Gardner’s Multiple Intelligences

Gardner’s Multiple Intelligences

74182 views | Ruby | 01-01-2018

Howard Gardner proposed a new theory and definition of intelligence in his book Frames of Mind: The Theory of Multiple Intelligence, in 1983. His main argument was justifying whether intelligence was a consolidated solitary being or was it multi-faceted. (Gardner, 1999a,, 2016).

While working with stroke victims suffering from aphasia at Boston University, and while researching the cognitive development of children in a project initiated by Harvard, Gardner could not help but notice that ‘the human mind is better thought of as a series of relatively separate faculties. With only loose and unpredictable relations with one another, as compared to a single, all-purpose machine that performs steadily at a certain horsepower, independent of content and context’ (Gardner, Intelligence Reframed, p32).

Gardner’s Research:

According to Gradner, IQ (intelligence quotient) is not a suitable basis for measuring intelligence. He says that without productivity, having a high IQ amounts to nothing (Gardner 1999a). He developed several criteria to validate a capacity as ‘intelligence’:

  1. the potential for brain isolation by brain damage,
  2. its evolutionary background,
  3. core operations,
  4. susceptibility to encoding,
  5. a unique developmental progression,
  6. the existence of exceptional people (savants, prodigies, etc.)
  7. support from experimental psychology, and
  8. support from psychometric findings.

Based on the above-mentioned criteria, 8 types of human intelligence were established namely (Gardner, 1983):

  1. Verbal-linguistic intelligence: the ability to analyse information and acuity in oral and written language. They learn best through hearing and seeing words, speaking, reading, writing, discussing, and debating.
  2. Logical-mathematical intelligence: ability to develop equations, make calculations, and solve abstract problems. They prefer working with sequences and patterns, classifying, categorising, and working with abstract ideas.
  3. Visual-spatial intelligence: comprehension of graphical information. They are gifted at working with pictures and colours, visualising, imagining, and drawing.
  4. Musical intelligence: the ability to work with sound and melody. They learn through rhythms, singing, and melody.
  5. Naturalistic intelligence: ability to identify various plants, animals, and even weather. They love to explore living things and learn about plants, and natural events.
  6. Bodily-kinesthetic intelligence: pertaining to physical and motor skills, and hand-eye coordination. They learn through touching and moving. They gain knowledge through bodily sensations.
  7. Inter-personal intelligence: reflects social skills entailing emotions, empathy, behavior, etc. They work best by comparing, relating, sharing, interviewing, and cooperating.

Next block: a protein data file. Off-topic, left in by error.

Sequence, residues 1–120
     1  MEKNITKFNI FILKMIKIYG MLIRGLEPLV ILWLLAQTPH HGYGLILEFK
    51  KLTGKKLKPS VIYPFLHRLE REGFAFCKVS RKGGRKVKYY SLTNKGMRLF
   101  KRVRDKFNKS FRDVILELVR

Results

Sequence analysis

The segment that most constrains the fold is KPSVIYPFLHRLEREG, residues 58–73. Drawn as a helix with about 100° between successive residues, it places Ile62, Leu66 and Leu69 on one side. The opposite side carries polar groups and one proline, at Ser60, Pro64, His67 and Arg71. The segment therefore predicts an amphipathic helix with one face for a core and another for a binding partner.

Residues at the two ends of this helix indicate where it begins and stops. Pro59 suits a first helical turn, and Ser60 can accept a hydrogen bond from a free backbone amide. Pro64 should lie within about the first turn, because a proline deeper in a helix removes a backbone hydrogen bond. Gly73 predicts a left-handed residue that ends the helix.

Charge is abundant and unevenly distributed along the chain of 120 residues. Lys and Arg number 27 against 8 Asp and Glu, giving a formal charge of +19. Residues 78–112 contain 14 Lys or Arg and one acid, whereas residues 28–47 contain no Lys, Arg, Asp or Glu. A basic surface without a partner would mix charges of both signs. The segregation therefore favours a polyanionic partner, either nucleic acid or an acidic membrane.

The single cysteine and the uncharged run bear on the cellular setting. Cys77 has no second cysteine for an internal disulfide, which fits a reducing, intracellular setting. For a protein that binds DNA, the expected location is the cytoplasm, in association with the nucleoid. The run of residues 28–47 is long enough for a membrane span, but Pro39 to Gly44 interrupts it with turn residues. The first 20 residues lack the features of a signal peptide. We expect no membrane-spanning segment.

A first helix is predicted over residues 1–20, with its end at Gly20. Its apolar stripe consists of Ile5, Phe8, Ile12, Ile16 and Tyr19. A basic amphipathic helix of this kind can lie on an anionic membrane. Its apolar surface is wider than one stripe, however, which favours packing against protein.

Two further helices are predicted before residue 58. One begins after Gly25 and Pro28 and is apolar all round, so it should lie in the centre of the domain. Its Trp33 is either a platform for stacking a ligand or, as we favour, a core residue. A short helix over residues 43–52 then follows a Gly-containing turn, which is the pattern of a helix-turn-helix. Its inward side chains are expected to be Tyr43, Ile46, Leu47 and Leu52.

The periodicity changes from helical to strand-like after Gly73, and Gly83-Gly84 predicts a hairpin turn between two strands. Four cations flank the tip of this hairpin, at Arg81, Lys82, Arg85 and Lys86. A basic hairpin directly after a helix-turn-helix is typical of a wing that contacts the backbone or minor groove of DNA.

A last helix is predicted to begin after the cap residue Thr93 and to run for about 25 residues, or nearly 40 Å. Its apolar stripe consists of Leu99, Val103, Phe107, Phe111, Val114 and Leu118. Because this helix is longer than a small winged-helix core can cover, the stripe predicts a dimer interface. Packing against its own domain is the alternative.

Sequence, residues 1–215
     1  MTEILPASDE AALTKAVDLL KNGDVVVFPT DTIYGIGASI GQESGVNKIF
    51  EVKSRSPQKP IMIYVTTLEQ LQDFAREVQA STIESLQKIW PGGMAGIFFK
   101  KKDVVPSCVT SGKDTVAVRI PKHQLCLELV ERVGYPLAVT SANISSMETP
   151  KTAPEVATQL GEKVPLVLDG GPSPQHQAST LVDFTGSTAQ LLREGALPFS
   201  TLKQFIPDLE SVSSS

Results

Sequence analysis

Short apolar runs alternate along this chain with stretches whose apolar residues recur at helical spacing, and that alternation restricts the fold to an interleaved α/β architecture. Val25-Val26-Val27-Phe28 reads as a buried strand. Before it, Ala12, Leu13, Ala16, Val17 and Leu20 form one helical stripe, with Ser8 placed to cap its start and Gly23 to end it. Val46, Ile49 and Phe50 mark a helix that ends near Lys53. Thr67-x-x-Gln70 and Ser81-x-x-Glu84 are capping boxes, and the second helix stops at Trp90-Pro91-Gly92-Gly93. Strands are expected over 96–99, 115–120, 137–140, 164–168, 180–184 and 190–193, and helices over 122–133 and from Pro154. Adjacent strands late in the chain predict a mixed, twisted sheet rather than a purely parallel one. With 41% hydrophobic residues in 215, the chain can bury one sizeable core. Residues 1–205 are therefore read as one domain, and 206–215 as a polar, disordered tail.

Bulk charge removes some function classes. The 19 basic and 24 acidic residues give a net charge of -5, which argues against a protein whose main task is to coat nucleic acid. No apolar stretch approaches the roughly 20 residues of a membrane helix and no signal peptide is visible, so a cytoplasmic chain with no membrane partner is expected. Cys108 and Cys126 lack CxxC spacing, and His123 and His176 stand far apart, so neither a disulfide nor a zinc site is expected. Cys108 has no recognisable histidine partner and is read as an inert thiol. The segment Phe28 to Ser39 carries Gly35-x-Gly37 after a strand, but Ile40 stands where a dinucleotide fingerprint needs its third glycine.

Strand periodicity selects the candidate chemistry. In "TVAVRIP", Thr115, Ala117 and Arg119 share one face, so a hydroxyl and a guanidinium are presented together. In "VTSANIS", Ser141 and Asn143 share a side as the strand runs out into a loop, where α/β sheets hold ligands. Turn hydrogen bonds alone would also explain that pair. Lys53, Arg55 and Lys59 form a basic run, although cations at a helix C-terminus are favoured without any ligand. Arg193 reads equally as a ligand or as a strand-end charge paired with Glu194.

8. Intra-personal Intelligence: refers to aptitude self-reflection, far-sightedness (visionary people). Working alone, having space, reflecting, and doing self-paced projects is more of their style.

Although Multiple Intelligence and Learning Styles are often mixed up. It is a misconception that they are the same. Multiple intelligence portrays different intellectual capabilities whereas learning styles are how individuals prefer to learn and their way of tackling a task (Edutopia, 2016).

Additionally, more research is needed in building a criterion of assessment and evaluation of the various intelligence. It is also to be noted that humans usually possess an aptitude for multiple intelligence in varying capacities. It does not mean that their learning style will adhere strictly to their strongest intelligence (Plucker, 2012). A talented musician does not need to learn through melody (artistic approach) only, mathematics (the science of sound) or language (lyrics) will add to it too. Learning style could range from theory to practice.

Moreover, the education system has emphasised the importance of developing mathematical and linguistic skills. It often causes basing the merit of the student and his/her success only on the measured skills in that two intelligence. Gardner’s Theory of Multiple Intelligence supports that this emphasis is unfair. Children whose musical intelligence is highly developed, for example, may be overlooked for gifted programs or may be placed in a special education class because they do not have the required math or language scores. Teachers must seek to assess their students’ learning in ways that will give an accurate overview of their strengths and weaknesses.


Edutopia. (2016). Multiple Intelligences: What Does the Research Say? [online]

Gardner, H. (1999a). Intelligence reframed: Multiple intelligences for the 21st century. New York: Basic Books.

Gardner, H. (1998). Are there additional intelligences? The case for naturalist, spiritual, and existential intelligences. In J. Kane (Ed.), Education, information, and transformation (pp. 111-131). Upper Saddle River, NJ: Merrill-Prentice Hall.

Gardner, H. (1993). Multiple intelligences: The theory in practice. New York: Basic Books.

Gardner, H. (1983). Frames of mind: The theory of multiple intelligences. New York: Basic Books.

Morgan, H. (1996). An analysis of Gardner’s theory of multiple intelligence. Roeper Review 18, 263-270.

Plucker, D. (2012). The Theory of Multiple Intelligences. [online] (2010). Multiple Intelligences | Project Zero. [online]

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